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This book is about problem solving. It draws on an ancient tradition whose history has been plagued by endless problems and hardships. Necessity is the mother of invention—and of solutions. In this case, circumstances permitted the evolution of an astute, shrewd way of looking at life—an approach that Jews call
literally, "Jewish head."
is neither a method nor a system of knowledge, but the accumulation of a minimal
"critical mass" of problems needed to trigger a conscious,
existential process of questioning the notion of impossible.
represents the turning point at which, after having given up hope, you recover the twinkle in your eye and dare to jump back into the game. It is that unique capacity to turn the tables and checkmate your opponent when you're up against the wall, to reject conventional thinking that keeps you stuck in a losing position and reframe yourself as a master of options that you simply hadn't thought of before.
The solutions produced by
remind me of the old Flash Gordon serials, where episodes often ended with our hero in extreme danger, seemingly beyond the point of rescue. We were convinced:
"Now he's had it—there's no way out." By the time the next episode was aired, we had gone over all the possible means of escape and found none. Of course we felt we had been tricked when the story began with a replay of the final moments of the previous episode, only now a totally new element was introduced—a rope, a weapon, a hidden ally. We were sure that this element that enabled our hero to escape had not appeared in the original scene. It is precisely this kind of blindness that prevents people from recognizing the factors that make for novel solutions—and that perhaps explains the audacity of certain producers and directors.
The hidden option is the one that we don't see when we first find ourselves up against a problem. When we manage to break the bonds of standard solutions, we are surprised to discover these hidden windows.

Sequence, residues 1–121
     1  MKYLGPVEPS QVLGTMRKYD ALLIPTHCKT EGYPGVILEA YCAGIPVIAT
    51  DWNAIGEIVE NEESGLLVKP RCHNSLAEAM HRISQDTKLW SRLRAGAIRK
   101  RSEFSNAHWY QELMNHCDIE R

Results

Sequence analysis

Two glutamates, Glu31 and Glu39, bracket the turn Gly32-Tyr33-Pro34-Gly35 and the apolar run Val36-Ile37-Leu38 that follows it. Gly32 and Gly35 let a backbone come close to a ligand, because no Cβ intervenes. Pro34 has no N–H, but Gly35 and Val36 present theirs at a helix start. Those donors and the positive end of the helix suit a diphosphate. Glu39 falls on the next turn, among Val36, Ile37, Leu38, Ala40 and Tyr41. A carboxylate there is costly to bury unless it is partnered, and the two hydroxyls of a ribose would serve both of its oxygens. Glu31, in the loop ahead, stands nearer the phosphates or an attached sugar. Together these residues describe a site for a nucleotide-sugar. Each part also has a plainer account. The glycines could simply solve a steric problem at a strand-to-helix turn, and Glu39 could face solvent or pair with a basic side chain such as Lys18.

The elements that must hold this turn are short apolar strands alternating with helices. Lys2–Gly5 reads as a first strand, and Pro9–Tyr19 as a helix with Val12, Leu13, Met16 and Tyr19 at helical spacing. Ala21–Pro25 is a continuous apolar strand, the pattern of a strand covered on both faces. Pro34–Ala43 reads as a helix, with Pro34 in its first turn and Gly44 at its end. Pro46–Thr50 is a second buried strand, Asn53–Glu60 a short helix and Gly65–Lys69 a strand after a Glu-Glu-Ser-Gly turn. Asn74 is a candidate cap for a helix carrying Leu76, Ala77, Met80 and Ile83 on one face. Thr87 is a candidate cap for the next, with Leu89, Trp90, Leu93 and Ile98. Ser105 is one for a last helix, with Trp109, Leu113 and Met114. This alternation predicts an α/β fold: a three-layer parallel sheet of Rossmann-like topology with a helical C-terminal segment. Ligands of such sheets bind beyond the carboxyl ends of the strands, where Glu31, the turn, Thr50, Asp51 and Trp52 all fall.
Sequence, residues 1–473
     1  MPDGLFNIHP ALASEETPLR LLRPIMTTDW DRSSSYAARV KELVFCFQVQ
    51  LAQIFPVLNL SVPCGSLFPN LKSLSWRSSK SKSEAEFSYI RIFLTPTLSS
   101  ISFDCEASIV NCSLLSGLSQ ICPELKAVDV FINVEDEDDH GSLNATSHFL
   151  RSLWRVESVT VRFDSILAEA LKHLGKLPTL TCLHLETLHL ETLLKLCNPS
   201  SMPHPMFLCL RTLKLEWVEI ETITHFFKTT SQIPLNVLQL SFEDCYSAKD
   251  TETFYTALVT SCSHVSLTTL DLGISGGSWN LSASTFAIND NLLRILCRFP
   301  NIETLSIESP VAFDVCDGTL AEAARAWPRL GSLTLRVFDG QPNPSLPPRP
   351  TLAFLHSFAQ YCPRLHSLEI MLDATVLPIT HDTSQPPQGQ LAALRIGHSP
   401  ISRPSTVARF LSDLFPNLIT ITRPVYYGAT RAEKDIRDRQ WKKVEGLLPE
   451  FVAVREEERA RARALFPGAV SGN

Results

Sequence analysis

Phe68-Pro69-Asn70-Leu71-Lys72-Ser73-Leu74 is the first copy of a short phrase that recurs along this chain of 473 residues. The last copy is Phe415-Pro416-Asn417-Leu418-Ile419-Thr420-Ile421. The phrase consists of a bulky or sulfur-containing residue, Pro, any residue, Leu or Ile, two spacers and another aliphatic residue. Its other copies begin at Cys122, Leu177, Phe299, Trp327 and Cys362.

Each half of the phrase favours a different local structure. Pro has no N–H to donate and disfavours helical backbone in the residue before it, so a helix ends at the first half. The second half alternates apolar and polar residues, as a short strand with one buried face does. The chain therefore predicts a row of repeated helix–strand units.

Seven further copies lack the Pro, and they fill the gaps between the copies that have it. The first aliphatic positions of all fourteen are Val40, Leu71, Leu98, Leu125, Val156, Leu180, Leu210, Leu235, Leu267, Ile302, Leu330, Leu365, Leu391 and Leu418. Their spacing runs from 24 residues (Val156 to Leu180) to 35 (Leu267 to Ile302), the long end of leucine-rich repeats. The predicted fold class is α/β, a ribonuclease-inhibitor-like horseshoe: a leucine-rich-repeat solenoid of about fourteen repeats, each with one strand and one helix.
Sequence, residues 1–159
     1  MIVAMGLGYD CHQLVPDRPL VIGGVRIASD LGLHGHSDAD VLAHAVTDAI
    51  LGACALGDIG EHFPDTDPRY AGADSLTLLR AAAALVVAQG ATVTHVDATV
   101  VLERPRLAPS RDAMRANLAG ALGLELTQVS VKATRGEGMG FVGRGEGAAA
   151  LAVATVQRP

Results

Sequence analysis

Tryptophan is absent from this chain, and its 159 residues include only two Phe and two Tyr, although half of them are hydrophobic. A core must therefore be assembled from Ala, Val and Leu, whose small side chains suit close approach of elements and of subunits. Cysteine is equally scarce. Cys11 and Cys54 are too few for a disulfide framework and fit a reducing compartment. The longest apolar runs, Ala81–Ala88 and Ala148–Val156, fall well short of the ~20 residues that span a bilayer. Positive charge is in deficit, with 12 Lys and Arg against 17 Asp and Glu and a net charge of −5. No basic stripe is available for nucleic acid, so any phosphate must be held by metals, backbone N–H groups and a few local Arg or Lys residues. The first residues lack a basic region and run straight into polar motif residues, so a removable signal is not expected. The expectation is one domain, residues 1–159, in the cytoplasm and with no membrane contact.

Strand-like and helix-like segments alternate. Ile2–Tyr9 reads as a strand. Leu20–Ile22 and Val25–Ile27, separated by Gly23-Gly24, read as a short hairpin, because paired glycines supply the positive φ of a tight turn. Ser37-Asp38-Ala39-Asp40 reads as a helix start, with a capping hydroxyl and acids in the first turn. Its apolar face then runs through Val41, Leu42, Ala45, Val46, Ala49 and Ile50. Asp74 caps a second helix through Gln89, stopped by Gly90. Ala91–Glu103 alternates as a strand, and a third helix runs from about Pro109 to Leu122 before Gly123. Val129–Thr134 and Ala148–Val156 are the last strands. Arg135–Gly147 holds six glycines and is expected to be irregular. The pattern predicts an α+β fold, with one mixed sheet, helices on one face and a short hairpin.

Take the solution of a classic problem in geometry: a given point on a two-dimensional plane cannot meet another point on this plane without passing through intermediate points on the plane. What seems impossible when viewed in two dimensions becomes possible when reframed in a three-dimensional context,
where that same point can now reach the other point on the same plane by traveling through the third dimension.
Or take Steven Spielberg's film
Raiders of the Lost Ark:
at an especially suspenseful moment, with the damsel in dire distress, the hero is challenged by a brawny wrestler deftly wielding a saber. Entranced by that mighty obstacle, the audience is surprised when the hero puts an end to the problem by simply whipping out his gun.
To an outside observer, the simplicity of a solution unlimited by our addiction to habit patterns and conventions—that is, a solution not biased by the deceptive
"aesthetics" of what first comes to mind—may seem even comical. A
is attained not so much through knowledge as through transcending a certain ignorance. There once was a television quiz show in which a contestant enclosed in a booth would have to choose a prize without knowing exactly what was being offered. "Will you trade a brand-new car for an old boot?" the host would ask, and the person in the booth would confidently answer
"Yes," much to the audience's delight. Being inside the booth—representing deafness, blindness, or ignorance—led participants to make absurd choices. Those outside our own "booths," or conditionings,
might observe much the same thing if they were to follow us around for a day.